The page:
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Fire Protection Research and Beyond: The Next 25 Years
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Issue 30: Fire Protection Research and Beyond: The Next 25 Years
An Update of the Current Trends and Activities at the Fire Protection Research Foundation

By Casey C. Grant, P.E., FSFPE

Now in its second quarter century of service, the Fire Protection Research Foundation continues to identify and facilitate research initiatives important to the fire protection engineering community. Activity at the Foundation remains high, with multiple projects of direct interest to SFPE members.

The Fire Protection Research Foundation is an independent charitable organization established in 1982 with a mission to plan, manage and communicate research in support of the NFPA mission. The NFPA mission, in turn, is to reduce the worldwide burden of fire and other hazards.

Over the past five years, the Foundation has developed active research programs in areas corresponding with major NFPA technical committee projects. These are:

  • Detection and signaling;
  • Electrical safety;
  • Fire suppression;
  • Firefighter protective clothing and equipment;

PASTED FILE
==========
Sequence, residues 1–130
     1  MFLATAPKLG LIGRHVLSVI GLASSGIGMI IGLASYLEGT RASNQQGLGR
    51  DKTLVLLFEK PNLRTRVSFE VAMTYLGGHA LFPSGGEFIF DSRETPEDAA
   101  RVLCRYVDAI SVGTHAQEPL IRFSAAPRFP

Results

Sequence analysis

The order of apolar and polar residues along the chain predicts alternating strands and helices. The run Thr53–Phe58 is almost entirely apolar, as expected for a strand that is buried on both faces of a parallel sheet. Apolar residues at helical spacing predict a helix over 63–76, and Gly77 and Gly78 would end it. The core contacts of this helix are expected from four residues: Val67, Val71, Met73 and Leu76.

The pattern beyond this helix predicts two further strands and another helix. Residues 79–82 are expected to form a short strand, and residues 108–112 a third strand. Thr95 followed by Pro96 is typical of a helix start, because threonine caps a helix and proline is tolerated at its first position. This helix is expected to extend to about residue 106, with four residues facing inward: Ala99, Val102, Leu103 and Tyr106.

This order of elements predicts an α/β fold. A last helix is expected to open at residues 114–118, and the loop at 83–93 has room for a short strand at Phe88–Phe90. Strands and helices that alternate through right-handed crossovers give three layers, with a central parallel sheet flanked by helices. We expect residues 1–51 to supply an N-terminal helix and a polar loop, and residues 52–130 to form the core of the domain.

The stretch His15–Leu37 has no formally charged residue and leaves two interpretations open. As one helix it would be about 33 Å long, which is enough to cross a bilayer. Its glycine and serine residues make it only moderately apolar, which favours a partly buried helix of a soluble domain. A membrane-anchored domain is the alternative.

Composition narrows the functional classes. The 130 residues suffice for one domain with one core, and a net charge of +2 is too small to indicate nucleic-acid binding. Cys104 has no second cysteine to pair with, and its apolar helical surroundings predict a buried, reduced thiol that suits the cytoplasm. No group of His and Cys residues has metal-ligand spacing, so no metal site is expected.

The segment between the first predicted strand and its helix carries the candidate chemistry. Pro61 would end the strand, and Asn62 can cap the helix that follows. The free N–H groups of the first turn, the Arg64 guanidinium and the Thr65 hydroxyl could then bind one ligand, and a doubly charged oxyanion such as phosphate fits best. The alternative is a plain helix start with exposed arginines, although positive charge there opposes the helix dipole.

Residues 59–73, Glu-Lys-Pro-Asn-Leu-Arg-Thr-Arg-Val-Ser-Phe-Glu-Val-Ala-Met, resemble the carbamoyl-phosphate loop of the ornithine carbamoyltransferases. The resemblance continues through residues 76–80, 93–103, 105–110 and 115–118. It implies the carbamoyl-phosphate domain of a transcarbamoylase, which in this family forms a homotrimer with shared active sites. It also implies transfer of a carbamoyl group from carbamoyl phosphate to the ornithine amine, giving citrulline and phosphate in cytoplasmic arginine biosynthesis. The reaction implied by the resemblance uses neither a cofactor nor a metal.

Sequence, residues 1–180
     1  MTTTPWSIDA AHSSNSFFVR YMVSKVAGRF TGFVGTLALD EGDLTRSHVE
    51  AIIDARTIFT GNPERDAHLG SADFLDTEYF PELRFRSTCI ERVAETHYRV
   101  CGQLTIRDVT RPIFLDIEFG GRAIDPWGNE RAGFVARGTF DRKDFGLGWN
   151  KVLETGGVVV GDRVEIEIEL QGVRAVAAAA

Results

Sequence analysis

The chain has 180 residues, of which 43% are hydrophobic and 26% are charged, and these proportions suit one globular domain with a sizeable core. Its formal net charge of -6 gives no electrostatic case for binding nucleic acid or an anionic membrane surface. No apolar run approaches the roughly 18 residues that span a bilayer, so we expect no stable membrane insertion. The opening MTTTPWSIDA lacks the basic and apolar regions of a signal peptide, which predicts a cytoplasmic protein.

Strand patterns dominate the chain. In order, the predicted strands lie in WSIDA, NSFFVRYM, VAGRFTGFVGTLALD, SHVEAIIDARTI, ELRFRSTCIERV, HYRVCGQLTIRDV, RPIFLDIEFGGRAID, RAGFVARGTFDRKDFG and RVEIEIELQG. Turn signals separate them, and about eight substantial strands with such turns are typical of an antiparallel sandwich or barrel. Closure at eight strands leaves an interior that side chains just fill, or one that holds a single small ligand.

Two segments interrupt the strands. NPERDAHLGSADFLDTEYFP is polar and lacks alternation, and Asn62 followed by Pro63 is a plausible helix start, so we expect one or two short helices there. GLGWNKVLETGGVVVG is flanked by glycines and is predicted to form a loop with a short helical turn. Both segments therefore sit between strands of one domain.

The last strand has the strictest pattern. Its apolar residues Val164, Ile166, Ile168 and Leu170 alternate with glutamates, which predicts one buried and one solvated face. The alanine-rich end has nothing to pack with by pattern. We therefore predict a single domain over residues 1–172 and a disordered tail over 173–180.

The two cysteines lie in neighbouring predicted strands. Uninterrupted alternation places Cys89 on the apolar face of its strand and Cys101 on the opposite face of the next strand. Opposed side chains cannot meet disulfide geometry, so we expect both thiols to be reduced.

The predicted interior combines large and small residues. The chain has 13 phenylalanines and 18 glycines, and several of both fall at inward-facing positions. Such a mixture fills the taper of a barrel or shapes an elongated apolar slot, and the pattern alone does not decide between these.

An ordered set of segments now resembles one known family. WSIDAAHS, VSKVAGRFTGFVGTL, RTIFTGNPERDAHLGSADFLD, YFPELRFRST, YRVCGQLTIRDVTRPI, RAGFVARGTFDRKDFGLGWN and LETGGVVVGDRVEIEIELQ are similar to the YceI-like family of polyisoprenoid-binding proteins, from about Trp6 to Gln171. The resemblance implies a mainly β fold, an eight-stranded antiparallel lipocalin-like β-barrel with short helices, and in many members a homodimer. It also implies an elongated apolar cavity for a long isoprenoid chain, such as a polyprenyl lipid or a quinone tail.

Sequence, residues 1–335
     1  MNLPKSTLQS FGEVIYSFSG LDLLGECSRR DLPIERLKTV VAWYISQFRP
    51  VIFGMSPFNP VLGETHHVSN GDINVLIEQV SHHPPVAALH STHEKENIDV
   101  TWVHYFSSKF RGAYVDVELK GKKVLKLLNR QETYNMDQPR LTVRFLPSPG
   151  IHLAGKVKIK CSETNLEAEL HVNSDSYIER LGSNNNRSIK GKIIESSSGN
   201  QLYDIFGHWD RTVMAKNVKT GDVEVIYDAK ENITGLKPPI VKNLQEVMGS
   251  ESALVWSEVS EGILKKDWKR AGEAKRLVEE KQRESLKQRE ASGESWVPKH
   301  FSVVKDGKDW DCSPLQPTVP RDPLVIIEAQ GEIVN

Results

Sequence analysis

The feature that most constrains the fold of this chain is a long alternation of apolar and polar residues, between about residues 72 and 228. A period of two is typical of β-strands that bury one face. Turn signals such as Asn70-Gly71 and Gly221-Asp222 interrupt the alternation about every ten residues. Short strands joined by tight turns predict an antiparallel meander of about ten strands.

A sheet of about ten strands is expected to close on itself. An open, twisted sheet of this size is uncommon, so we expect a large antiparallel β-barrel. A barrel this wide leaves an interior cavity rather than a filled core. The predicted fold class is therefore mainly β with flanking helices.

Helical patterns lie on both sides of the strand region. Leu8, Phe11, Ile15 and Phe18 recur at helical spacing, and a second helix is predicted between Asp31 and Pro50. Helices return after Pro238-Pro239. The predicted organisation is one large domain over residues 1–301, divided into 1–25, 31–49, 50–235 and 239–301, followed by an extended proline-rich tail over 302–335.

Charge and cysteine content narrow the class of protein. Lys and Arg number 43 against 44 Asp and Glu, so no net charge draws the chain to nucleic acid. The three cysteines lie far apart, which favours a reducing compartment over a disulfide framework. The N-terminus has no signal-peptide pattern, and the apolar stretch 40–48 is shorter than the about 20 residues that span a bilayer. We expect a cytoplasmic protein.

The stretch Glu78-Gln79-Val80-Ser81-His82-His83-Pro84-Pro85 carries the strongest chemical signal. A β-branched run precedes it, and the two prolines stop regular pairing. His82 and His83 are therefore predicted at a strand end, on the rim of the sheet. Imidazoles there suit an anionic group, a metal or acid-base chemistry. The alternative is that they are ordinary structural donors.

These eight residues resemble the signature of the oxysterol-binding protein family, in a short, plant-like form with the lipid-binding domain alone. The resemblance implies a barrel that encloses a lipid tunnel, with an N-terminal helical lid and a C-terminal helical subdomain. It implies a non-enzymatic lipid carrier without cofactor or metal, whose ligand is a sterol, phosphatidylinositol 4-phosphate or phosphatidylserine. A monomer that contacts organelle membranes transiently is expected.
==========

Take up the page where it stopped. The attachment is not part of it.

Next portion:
• Firefighting tactics;
  • Hazardous materials/commodity storage; and
  • Transportation.

Major research projects have been undertaken in each of these areas. These address the needs of NFPA Technical Committees and others and provide technical information in support of issues important to them. These projects cover a range of topics, from research supported by the U.S. Department of Homeland Security on fire fighter protective clothing and equipment and fire fighting tactics, to industry-supported research to determine hazards associated with storage of commodities and associated automatic sprinkler protection, to advancing the understanding of fire and smoke detection and the long-term performance of electrical safety equipment. A complete list of existing projects and recent reports is available at www.nfpa.org/foundation.